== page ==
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How Does Being a Night Owl Affect Your Weight?

 

I'm a night owl, and I usually get a second wind late at night. How does being an early riser versus a night owl affect your weight?

 

 

I am so not a morning person. I never will be. If the rest of the world weren’t on a 9-to-5 schedule, I would probably stay up until the late hours of the night working (and sleep in, of course)! But that’s not the way of the world, so I struggle a little bit to get out of bed early in the morning.

 

Need some weight loss motivation? Find out if being a night owl helps or hurts your weight.

Will I Gain Weight Because I'm a Night Owl?

 

While night owls like me do tend to eat more calories, sugar, and fat in the evenings, late risers aren't automatically destined for weight-loss failure. You can make a few easy changes to make your night owl status work for you. Wondering how I stay healthy late into the evenings?

 

  

Are you a night owl or an early bird? A new study shows that your sleep schedule could impact your ability to maintain a healthy weight. The study in the journal Obesity looked at the eating habits of Finnish adults to identify them as an early bird or a night owl—and how that may affect their weight in the future.

 

They looked at more than 1,800 people, ages 25 to 74, assessing what they reported they ate for two days, as well as whether they were early birds or night owls.

 

    

The findings are interesting: Night owls had a lower calorie intake in the morning than early birds—but one that was higher in sugar. And in the evening, the night owls ate more calories, sugar, fat, and saturated fats, versus early birds, although calorie intake over the course of the day was similar. The differences between early birds and night owls were even more obvious during weekend eating, when night owls had more eating occasions and ate more calories, versus early birds.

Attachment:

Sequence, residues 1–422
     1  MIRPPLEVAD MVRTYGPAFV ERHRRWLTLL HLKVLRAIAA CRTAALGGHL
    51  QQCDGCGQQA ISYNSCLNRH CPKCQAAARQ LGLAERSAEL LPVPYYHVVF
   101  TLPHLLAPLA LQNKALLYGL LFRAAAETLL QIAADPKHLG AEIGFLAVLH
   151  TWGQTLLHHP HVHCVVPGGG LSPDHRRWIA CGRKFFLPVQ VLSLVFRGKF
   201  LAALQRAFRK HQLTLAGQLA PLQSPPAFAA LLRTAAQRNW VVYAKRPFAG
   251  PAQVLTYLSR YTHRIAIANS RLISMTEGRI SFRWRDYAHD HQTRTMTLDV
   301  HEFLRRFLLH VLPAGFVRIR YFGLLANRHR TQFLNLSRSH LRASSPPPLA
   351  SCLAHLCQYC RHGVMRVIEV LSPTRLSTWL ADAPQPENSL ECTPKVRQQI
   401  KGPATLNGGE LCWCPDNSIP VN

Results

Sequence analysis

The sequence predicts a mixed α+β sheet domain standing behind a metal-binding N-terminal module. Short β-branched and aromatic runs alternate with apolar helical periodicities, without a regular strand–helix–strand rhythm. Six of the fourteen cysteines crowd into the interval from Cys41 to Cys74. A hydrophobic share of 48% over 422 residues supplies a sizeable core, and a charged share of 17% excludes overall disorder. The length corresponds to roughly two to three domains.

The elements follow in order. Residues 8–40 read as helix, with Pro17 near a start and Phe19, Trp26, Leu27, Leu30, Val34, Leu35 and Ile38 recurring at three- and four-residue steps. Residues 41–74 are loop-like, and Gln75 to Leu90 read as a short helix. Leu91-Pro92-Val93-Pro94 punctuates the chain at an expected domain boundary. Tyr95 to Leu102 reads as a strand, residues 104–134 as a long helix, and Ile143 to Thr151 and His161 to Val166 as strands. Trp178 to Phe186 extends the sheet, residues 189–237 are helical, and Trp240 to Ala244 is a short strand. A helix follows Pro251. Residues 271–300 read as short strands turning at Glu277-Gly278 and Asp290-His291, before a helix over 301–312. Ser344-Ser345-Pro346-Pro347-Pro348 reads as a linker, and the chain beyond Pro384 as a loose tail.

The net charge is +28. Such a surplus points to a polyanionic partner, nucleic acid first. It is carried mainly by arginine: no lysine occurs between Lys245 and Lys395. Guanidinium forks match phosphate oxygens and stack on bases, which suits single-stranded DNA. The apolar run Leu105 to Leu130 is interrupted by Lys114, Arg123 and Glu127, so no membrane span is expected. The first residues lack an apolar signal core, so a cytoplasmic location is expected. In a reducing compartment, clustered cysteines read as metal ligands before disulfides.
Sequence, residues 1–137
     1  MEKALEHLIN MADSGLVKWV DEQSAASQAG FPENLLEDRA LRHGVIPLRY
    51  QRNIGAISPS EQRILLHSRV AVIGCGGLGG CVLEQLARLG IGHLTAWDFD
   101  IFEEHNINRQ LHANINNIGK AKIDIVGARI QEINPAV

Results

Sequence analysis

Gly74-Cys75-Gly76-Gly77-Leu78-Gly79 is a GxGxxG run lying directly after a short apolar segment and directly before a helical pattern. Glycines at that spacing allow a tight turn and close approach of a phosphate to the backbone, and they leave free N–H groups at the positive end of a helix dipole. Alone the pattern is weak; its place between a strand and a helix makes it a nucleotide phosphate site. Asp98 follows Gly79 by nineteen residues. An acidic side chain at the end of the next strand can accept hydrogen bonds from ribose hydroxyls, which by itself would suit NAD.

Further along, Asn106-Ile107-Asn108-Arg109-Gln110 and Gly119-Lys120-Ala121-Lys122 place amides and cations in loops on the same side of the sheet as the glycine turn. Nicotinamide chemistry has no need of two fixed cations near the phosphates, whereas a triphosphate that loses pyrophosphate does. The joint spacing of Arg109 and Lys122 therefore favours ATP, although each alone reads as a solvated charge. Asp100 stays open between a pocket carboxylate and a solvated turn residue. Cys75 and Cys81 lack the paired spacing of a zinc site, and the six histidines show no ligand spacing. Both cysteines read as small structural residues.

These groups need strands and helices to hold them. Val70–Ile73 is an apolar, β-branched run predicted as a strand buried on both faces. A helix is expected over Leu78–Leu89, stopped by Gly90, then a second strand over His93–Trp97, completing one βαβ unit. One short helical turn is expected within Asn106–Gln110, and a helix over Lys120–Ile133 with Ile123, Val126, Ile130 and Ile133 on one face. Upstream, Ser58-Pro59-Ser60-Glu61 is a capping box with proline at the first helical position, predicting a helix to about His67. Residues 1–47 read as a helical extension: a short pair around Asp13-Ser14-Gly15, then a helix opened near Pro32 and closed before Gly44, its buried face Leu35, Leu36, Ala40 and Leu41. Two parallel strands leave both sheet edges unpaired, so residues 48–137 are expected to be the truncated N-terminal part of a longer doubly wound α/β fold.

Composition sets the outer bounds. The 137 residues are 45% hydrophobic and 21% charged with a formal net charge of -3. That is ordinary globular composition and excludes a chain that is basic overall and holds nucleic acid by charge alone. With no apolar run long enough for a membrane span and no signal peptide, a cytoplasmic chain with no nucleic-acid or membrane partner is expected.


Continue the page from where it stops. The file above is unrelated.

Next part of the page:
Of the adults studied, only 12 percent were classified as night owls, while 49 percent were early birds and 39 percent landed in the middle (so you don’t have to be one or the other). Interestingly, night owls were more likely to be younger women who were highly educated, physically inactive, and current smokers. The study authors note that night owls may have a higher risk of obesity and metabolic disturbances—but more research is needed.

 

What does this all mean for you? Use these tips to make your early bird, night owl, or somewhere-in-between status work for you:

  • Are you a night owl? If so, pay strong attention to your eating habits, especially in the evening. Consider how you divide your calorie allotment over the course of the day.
  • Get moving. In the study, the night owls were less likely to be physically active. So while anyone can benefit from creating a workout schedule, a night owls may see extra advantage in scheduling in workout time.
  • Don’t take it to heart. If you’re a night owl, that doesn’t mean that you’re automatically going to have a hard time keeping the weight off. So long as you stay within your daily calorie budget, your status doesn’t really matter. After all, BMI was similar between all of the groups in the study!

This blog post was updated in May 2020. A version of this content originally appeared on WeightWatchers.com.

 

Need some weight loss motivation? Find out if being a night owl helps or hurts your weight.

 

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What are your thoughts on this topic? Are you a night owl or an early bird? Tag @amydgorin on Instagram  and Pinterest and @amygorin on Twitter and Facebook.

 

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